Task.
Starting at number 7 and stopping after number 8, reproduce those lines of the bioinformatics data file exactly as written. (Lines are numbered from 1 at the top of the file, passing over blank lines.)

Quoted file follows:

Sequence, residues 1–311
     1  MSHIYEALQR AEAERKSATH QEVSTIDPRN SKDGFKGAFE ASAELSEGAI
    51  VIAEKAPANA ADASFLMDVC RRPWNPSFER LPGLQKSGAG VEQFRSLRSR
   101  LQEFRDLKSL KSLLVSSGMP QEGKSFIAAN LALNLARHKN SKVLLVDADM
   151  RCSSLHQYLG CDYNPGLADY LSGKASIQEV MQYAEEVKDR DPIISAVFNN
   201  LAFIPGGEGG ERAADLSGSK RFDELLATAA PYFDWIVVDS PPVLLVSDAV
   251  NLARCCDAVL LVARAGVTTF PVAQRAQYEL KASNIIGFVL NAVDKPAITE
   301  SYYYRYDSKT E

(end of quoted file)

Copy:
   251  NLARCCDAVL LVARAGVTTF PVAQRAQYEL KASNIIGFVL NAVDKPAITE
   301  SYYYRYDSKT E